Publicity Stunts / In Game promotions and sales + marketing of hockey
- --- In firstname.lastname@example.org, Eric L <ironxfan@...> wrote:
>I am not as familiar - as a fan - with minor league situations - for
> Larry, I concur with your view on publicity stunts. With the AHL,
>and other minors having little to no national exposure (i.e.
>national TV rights) they have to draw fans somehow.
example - will a winning team guarantee a sustained draw at the box
office in a small city ? If not - then the team's owners have to
do what they have to do. Even if they have to get Eddie Gaedel IV
to suit up for a game :)
And for Ralph's question - and I love the hockeydb.com webpage by
the way !! - I think you have to document what actually happens
regardless of personal feelings. I respect the opinions
of "purists" and those who have pride in the game as well. Hockey
is not perfect. Demand for the product is not what we all wish it
could be. I think the stunts should be recorded - and maybe we can
learn from it.
I was at the Toronto - NYI game at Nassau Coliseum last night. One
of the execs in my company came down from Canada with his whole
family - and we had rows of empty seats to choose from to sit a
group of 12 together with no sweat. ( making my forthcoming point)
We talked about a lot of non-hockey stuff - such as the condition of
the Nassau Coliseum as a building - but what he went on a whole
diatribe about was the in-game promotions the team had. Chicken
Wing eating contests - the use of the "Pepsi Ice Girls" to clean the
ice and other stunts like football catching contests on the ice.... -
that " a real hockey team would not do this type of thing".
Now Long Island is a market that will respond to a winning team -
something missing by and large over the last 13 years + The
promotions do add value - especially to non-hockey fans who get
tickets from work - and you get them in your building....what people
have to understand is that ideally - the team works real hard to
identify people like this and get them to buy a ticket to another
I remember attending a program 10 years ago when the guest speaker
was the GM or CFO of the Pittsburgh Pirates. He explained the use
of promotions and their intent.
In the case of the Pirates - They were targeting the fan who
attended "2.4" baseball games per year. Someone who shows an
interest in the game - but is somewhat of a casual fan. Some fans
are core baseball fans to whom a price break could appeal - some
were people who were not baseball fans - but looking for a good time.
Their target was to get people to attend 2 more game per year than
they were currently. If so - it would represent somewhat north of
an 800,000 fan increase in attendance.
Promotions were used to make this happen. It worked like a charm in
ceratin cases - not so good in others. Even teams like the Yankees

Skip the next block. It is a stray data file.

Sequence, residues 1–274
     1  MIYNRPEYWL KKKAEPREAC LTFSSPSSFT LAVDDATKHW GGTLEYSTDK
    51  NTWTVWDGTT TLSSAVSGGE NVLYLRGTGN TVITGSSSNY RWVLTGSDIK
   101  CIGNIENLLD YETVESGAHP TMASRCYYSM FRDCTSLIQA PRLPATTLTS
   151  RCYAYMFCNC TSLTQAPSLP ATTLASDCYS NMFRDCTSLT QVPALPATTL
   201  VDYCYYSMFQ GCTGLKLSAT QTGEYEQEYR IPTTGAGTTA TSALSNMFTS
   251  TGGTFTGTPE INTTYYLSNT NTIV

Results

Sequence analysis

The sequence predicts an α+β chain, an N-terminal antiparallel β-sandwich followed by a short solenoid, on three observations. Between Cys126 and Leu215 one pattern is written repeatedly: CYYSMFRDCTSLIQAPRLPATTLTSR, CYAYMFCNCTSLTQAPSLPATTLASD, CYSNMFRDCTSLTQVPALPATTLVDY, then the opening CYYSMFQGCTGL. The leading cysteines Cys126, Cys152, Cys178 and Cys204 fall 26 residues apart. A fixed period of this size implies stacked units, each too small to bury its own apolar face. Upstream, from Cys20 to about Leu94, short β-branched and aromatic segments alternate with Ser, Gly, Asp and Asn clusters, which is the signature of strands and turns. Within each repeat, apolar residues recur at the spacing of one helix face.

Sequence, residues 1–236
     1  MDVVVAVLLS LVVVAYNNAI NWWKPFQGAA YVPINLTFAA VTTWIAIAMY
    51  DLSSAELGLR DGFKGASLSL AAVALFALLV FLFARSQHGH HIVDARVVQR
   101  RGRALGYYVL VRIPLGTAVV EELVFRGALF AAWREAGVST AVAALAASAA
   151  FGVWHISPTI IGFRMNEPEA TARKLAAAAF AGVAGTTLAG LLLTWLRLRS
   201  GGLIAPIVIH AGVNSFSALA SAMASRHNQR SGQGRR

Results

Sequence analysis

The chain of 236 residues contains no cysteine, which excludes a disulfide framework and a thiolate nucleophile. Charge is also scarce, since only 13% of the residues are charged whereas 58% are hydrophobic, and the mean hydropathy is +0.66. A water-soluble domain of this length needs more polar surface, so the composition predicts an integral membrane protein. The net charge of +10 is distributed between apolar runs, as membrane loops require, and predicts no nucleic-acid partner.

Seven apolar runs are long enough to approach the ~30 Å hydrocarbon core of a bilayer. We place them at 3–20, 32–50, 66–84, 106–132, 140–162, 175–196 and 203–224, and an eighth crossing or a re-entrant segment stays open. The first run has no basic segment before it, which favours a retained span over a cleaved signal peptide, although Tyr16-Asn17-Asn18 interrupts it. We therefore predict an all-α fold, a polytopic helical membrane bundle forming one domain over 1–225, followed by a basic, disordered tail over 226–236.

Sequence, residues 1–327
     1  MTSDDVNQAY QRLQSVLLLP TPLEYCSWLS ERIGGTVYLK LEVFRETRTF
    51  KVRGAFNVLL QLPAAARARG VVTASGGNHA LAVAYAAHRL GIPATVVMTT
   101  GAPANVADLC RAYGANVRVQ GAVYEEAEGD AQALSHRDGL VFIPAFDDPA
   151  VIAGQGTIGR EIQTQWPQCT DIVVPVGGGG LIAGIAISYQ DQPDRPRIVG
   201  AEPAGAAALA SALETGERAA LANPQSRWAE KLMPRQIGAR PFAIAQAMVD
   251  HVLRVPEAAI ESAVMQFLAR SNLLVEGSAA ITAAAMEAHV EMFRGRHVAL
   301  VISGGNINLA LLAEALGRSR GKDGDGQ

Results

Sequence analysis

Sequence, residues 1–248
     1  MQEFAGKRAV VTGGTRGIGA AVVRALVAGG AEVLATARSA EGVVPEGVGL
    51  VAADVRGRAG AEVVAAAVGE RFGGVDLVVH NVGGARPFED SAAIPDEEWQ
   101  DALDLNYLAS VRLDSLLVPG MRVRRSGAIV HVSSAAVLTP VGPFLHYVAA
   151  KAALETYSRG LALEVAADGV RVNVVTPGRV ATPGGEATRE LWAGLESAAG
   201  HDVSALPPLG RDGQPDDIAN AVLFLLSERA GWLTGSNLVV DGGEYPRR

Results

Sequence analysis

and the Mets use promotions to gain attendence. Fireworks Night at
Shea Stadium around the 4th of July is a sellout - even when the
team has been the "dregs".
My favorite promotion story was back on Long Island circa 1999 or so.
The team had the initial "Beanie Baby" or "Bobblehead" giveaway. --
I am 90% sure it was a "Beanie Baby".....and allegedly - the beanie
baby was unique and only given out at this game.
A lot of the housewives in my neighborhood called my wife to ask if
they could get the tickets to the game. ( Season Ticket holder)
I KNOW that the game sold out - and the line to get in the building
was L O N G. Know what happened in MANY cases ? The fans got the
beanie baby 10 mins before the game - and just left.
If I recall correctly - the Coliseum holds 16,234 for hockey -
maybe 10 - 11 K went to the game - and most cleared out after the
first period - as it was a school night.
I know Eric (Forever 1940) might be able to back me up here....but
its a funny story.
>I think that some of these leagues are cheapening their product bydoing
>this.This is a "sad but true" statement. Not every team can go 80-0
during the year and pack the fans in. Bills must be paid, tickets
must be sold, hot dogs must be sold. Players must be paid.....and
whilst I agree that in a perfect world - all 30 NHL teams and all
minor league teams would have HUGE demands for the product and make
money hand over fist.
But as was the case with my friend at last night's game - while he
was stewing over the chicken wing eating contest - his 2 young
daughters rather enjoyed it. They want to come back for another
game. Isn't that what its all about.
I see no reason why my "purist" friend can't turn a blind eye to
the "chicken wing eating contest" and focus on the hockey - and the
girls can enjoy things like Mascots, promotions and by sticking
around long enough - learn to appreciate the game. Marketing is a
hard job. For the " already converted" - its not needed. but guess
what? They already have made the sale to you.
Sorry if I went on a different tangent. I consider myself
a "purist" who enjoys the chicken wing eating contests and the "Ice
Girls" - and also enjoys it EVEN MORE when his Ranger and Leaf fan
friends complain about it !
I think "Original Six" fans ( with possible exception of Chicago -
where the Wirtz family has ruined it) have a bit of a "holier than
thou" attitude towards the expansion teams.....which I say they lost
the right to complain once they cashed the league entry fee checks
the expansion teams wrote.